Rachel Darvill of Wildsight-Golden

Rachel Darvill of Wildsight-Golden

Beneath the Surface: The Bladderwort plant

The title “bladderwort” suggests a rather unpleasant medical condition rather than an aquatic plant.

The title “bladderwort” suggests a rather unpleasant medical condition rather than an aquatic plant.

In fact, if it were not for the unfortunate name and the fact that bladderworts exist for most of their life cycle just beneath the surface of the water (and are easy to miss), they would get a lot more attention.

The Utricularia or bladderwort genus is a sprawling brood, consisting of 233 (all carnivorous) species. Some are aquatic, and the other 80 per cent are terrestrial, living in wet soil.

Bladderworts are a successful bunch, and can be found on every continent except Antarctica. The species found in our area are the Greater/Common bladderworts and Lesser bladderworts (aquatic).

These unique plants don’t have clearly defined roots; they float freely in the water unattached to worldly cares. But what’s really fascinating about the bladderwort is the tiny apparatus they are named after.

Formerly the “bladders” were thought to be some sort of floatation device. Upon closer study, it was discovered they are actually how the plant feeds!

The bladders are modified leaves that have been called “the most sophisticated carnivorous trapping mechanisms to be found anywhere in the plant kingdom.”

Take that Venus fly traps! The little stomach-like mechanisms can digest things such as water fleas, nematodes, and even prey as large as fish fry depending on the species.

Bladderwort can have hundreds of traps on a single stem. The way they work is by pumping water out of the bladder. This creates a vacuum that increases until no more water can be pumped out. The trapdoor portion of the bladder is rigged with several antenna-like protuberances that are super-sensitive triggers.

When a victim gets too close and touches these, the seal on the vacuums breaks and the little creature is sucked into the bladder to be digested faster than it can blink — less than a millisecond. (Five hundred times faster than a Venus fly trap!) Invertebrates are often attracted to the sugars bladderworts secrete as bait.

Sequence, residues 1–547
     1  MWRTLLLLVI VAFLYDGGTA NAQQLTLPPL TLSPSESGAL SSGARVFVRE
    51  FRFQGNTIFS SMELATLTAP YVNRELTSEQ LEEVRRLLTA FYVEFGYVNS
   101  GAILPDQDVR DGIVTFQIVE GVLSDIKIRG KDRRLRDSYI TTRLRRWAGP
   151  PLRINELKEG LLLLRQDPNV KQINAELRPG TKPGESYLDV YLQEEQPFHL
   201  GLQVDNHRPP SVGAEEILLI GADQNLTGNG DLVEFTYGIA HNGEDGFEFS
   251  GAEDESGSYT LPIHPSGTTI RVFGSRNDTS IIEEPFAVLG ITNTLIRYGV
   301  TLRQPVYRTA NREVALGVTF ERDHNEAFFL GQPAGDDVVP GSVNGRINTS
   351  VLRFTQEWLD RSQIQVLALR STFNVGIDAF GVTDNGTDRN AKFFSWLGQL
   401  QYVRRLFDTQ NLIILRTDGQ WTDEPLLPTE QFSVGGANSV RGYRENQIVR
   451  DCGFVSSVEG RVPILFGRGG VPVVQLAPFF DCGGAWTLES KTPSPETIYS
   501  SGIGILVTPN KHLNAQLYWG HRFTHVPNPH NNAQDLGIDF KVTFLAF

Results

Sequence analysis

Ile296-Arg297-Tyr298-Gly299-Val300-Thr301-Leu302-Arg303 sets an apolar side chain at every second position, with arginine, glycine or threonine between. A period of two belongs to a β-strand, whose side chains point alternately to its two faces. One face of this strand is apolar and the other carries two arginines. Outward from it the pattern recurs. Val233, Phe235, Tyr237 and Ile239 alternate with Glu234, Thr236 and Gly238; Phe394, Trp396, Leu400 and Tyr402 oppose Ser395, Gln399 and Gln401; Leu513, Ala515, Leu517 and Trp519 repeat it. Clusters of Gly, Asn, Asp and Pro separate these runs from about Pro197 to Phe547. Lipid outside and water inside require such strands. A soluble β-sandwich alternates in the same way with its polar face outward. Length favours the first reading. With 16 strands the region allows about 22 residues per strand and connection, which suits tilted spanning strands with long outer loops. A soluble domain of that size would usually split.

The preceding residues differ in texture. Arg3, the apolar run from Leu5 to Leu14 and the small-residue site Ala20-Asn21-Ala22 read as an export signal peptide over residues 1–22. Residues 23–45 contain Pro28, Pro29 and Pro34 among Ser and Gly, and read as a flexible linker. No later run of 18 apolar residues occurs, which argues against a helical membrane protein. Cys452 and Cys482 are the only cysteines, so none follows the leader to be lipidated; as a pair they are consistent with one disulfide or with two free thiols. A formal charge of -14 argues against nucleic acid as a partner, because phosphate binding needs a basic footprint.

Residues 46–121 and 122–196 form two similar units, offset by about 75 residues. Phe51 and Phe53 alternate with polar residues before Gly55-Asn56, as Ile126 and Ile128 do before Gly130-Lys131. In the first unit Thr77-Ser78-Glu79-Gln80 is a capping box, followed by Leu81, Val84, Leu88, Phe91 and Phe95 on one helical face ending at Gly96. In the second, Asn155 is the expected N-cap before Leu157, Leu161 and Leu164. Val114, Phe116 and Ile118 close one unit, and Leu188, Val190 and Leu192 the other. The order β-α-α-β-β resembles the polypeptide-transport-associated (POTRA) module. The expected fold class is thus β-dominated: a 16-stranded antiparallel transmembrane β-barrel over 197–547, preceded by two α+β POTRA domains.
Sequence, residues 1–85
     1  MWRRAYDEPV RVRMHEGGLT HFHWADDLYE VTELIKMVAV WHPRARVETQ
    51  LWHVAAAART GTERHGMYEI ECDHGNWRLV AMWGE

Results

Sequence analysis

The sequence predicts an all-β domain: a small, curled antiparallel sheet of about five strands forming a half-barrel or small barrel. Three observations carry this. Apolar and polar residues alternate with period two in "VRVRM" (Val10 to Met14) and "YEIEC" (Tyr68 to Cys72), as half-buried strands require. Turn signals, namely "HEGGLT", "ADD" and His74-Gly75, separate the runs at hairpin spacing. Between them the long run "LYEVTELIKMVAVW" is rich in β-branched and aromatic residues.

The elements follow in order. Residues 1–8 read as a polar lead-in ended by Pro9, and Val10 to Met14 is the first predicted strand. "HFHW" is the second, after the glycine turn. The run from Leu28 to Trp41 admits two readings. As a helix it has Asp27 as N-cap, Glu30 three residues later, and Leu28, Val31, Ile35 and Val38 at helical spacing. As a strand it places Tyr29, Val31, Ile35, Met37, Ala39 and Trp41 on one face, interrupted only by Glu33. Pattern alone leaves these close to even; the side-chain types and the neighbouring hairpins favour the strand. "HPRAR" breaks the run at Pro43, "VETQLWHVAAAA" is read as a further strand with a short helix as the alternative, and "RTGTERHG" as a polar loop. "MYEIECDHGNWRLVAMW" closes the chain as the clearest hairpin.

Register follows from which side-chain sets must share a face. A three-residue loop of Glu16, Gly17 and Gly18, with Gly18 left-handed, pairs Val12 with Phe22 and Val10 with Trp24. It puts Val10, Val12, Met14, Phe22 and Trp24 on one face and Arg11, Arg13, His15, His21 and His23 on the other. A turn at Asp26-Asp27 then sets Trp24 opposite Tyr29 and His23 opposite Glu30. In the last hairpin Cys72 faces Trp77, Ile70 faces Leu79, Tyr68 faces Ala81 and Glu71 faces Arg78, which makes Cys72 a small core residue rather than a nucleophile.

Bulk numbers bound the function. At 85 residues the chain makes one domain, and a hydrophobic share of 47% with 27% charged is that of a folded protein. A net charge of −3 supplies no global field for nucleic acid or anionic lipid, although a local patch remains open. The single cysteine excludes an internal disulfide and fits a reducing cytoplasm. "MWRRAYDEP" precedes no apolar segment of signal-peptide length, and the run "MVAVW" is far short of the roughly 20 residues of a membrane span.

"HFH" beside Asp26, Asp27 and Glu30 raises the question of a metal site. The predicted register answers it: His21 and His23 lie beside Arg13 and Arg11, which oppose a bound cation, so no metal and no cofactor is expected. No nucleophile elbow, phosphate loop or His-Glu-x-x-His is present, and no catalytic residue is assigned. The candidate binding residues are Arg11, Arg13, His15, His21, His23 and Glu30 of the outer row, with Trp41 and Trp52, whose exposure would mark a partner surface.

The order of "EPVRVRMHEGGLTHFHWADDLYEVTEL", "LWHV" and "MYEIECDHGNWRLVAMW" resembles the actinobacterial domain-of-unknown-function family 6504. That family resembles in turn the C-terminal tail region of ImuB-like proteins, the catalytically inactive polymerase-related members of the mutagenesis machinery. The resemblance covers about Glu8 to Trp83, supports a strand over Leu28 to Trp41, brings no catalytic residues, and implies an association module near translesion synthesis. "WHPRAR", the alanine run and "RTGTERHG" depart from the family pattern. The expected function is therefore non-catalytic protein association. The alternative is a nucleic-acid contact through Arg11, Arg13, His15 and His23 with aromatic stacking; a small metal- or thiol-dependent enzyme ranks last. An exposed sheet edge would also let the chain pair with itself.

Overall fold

Invertebrates are often attracted to the sugars bladderworts secrete as bait. Less of a sweet treat and more of a sour end!

Bladderworts provide food for fish, muskrats and waterfowl and cover for fish and aquatic invertebrates.

Their small bright yellow flowers emerge in late summer, so look for them in wetlands or calm areas of lake. We hope you have had fun learning a little more about the plants in our lake.

Beneath The Surface is based on the principle that there is often more to know than what is visible from the “surface” of an issue. If there is something that concerns you about the lake and you want to get to the “bottom of it,” call Lake Windermere Ambassadors program co-ordinator Megan Peloso at 250-341-6898 or email info@lakeambassadors.ca and inspire the next column!

Just Posted

The end of an Echo
The end of an Echo

Invermere Valley Echo shuts down operations in Columbia Valley

Creating a new narrative for Canal Flats

Economic development consultant hired, lists vision for next 90 days

Princeton wildfire phots courtesy of Debbie Lyon.
UPDATE: Crews battle as wildfires rage in B.C. Interior

Crews brace for another day on B.C. firelines as no let up is likely

VIDEO: B.C. wildfires by the numbers
VIDEO: B.C. wildfires by the numbers

Wildfires continue to engulf regions of B.C.’s forests and communities.

Aerial view south of Williams Lake Friday afternoon shows dry lightning storm passing over, leaving fire starts behind. Lightning sparked more than 100 new fires Friday. (Black Press)
VIDEO: More than 180 wildfires burning across B.C.

Firefighters from other provinces called in to assist

DTSS Grad March 2017
DTSS Grad March 2017

DTSS Grad March 2017

59 cats seized in Chase
59 cats seized in Chase

59 neglected and injured cats were seized from a property in Chase

(Flickr/Andreas Eldh)
Soundgarden singer Chris Cornell dead at age 52

The singer/songwriter passed away early Thursday morning in Detroit

Paying tribute to a primeval passage
Paying tribute to a primeval passage

Uninterrupted celebrates the Adams River sockeye run in an extraordinary way.

UPDATE: Pemberton Music Festival cancelled, no automatic refunds
UPDATE: Pemberton Music Festival cancelled, no automatic refunds

In the past, the music festival located in Pemberton drew large crowds last year of 180,000 fans

Photo by: WeissPaarz.com
Medical wait times cost B.C. patients $2,300 each

New Fraser Institute report places B.C. at second worst in costs associated with long wait times

UPDATE: 22 killed at Ariana Grande concert
UPDATE: 22 killed at Ariana Grande concert

Witnesses reported hearing two loud bangs coming from near the arena’s bars at about 10:35 p.m.

A university study finds that about nine per cent of Canada’s Grade 11 and 12 students – roughly 66,000 teens – have driven within an hour of drinking and 9.4 per cent drove after using marijuana.                                 Photo: Now-
Leader file
One in three Canadian high school students have rode with drinking drivers, study reveals

Nearly one in five rode with a driver who’d been smoking pot

Top court to hear federal government’s appeal on residential school records
Top court to hear federal government’s appeal on residential school records

A lower court judge ruled to destroy the stories after 15 years unless consent is given to preserve

Most Read